Living with LGS: How rare syndrome, severe epilepsy impacts individuals, families


Rochester, N.Y. (WROC) — Rochester city buildings will light up in purple and green on November 1 for national Lennox-Gastaut Syndrome Awareness Day.

Also known as LGS, Lennox-Gastaut Syndrome is a severe form of epilepsy which impacts both individuals and entire families who care for the individual.

Penfield residents Dane and Mary Overfield’s youngest daughter Meghan has LGS.

While the syndrome is rare, the URMC Epilepsy Center sees numerous cases because of the syndrome’s severity. Penfield residents Dane and Mary Overfield’s youngest daughter has LGS, but they said having a nearby resource greatly helps.

“We’re very fortunate to have them in our backyard because we know families that have to travel for that level of care,” said Mary Overfield.

The family has two daughters and when their second, Megan Overfield, was born with LGS, it changed their lives.

“The biggest impact LGS has had on our family is the complete loss of spontaneity that you have in life,” said Mary Overfield. “Everything we do has to be meticulously planned out — we have to know our schedule months in advance. So, if someone says, ‘Hey, do you want to go to dinner next Friday night?’ that’s probably a hard no because we didn’t plan for it, we don’t have care for Megan.”

Dr. Deana Bonno, epileptologist at URMC Epiepsy Center and Megan’s doctor said there isn’t a cure, but there are treatments and therapies which can help.

“Lennox-Gastout Syndrome is a severe childhood epilepsy syndrome that is not common among children, but it’s commonly seen in the epilepsy clinics because these children have severe forms of epilepsy that are very difficult to control,” said Dr. Bonno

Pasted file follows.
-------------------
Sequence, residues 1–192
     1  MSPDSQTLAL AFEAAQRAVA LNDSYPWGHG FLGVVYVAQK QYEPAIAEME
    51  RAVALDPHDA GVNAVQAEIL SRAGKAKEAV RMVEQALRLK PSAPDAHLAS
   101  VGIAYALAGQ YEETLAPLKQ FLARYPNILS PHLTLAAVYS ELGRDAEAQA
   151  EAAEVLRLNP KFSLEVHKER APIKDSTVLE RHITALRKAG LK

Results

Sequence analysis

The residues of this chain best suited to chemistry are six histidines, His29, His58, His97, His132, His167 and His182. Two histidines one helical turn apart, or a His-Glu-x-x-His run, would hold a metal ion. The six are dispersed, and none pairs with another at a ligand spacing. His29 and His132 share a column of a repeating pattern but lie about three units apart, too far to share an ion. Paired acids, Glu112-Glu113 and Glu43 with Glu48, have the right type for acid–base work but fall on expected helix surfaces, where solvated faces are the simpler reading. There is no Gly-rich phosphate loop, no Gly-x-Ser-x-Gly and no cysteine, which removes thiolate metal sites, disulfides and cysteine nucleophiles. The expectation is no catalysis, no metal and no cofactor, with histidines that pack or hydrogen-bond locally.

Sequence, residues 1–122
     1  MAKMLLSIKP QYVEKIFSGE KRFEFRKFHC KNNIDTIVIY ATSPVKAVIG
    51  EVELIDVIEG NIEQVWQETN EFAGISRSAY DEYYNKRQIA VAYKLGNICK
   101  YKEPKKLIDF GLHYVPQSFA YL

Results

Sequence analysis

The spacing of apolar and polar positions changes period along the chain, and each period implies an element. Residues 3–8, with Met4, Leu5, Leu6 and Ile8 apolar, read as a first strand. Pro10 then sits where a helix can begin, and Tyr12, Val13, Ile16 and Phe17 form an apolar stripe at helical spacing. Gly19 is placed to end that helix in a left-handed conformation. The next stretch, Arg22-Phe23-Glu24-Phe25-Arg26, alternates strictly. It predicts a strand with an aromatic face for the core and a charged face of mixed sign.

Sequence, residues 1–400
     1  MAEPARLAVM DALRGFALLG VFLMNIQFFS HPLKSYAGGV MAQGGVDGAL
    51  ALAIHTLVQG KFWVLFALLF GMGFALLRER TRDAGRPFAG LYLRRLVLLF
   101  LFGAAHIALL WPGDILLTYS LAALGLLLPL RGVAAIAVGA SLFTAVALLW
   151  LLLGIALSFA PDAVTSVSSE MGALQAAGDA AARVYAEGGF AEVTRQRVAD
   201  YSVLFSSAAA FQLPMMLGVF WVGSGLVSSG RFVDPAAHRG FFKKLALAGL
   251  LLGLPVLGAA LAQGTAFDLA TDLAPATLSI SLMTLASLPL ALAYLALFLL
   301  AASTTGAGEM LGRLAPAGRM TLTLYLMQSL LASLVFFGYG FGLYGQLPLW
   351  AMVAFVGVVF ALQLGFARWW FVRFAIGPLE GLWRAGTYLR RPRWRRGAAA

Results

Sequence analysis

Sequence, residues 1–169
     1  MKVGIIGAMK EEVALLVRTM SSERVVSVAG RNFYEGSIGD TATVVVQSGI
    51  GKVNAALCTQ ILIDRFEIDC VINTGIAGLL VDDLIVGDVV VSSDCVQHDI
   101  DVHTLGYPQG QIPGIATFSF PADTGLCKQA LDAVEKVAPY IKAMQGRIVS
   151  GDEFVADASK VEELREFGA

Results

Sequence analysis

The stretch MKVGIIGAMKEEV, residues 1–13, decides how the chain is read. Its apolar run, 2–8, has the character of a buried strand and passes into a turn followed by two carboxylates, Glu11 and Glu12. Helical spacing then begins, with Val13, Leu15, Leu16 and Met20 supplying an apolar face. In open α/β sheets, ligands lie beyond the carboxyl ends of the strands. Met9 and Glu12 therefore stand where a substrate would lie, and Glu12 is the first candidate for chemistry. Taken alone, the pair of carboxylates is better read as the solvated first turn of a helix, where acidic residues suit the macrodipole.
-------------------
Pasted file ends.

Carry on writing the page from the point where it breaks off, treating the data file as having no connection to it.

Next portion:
In addition to participating in clinical trials, the Overfields also take part in the Lennox-Gastaut Syndrome Foundation which works to build community among families.

“The foundation exists really to make sure nobody else has to walk this journey alone,” said Dr. Tracy Dixon-Salazar, executive director of the LGS Foundation.

“Really to find families and to bring them into the community. We may not have cures right now, but we definitely have an amazing community of help and support.”

The foundation also advocates for research to help future generations with the syndrome and to find a cure.

“The research won’t benefit [Megan], but those who come after her, it would be great to at least control the seizures better,” said Mary Overfield.

A daily challenge the Overfield’s face is what the future looks like. Megan is in her 20s and still requires the care of a newborn – including being carried from her wheelchair to her bed, and always being in eyeshot for seizure precautions.

“What’s difficult as we’re getting older is what’s the next step?” said Dane Overfield. “Megan is an adult-sized person and a lot of physical involvement on our part is needed to care for her.”

But, the Overfield’s say daily challenges haven’t dulled Megan’s light.

“LGS has robbed her of many things, but not her spirit. She is just such a happy kid,” said Mary Overfield.

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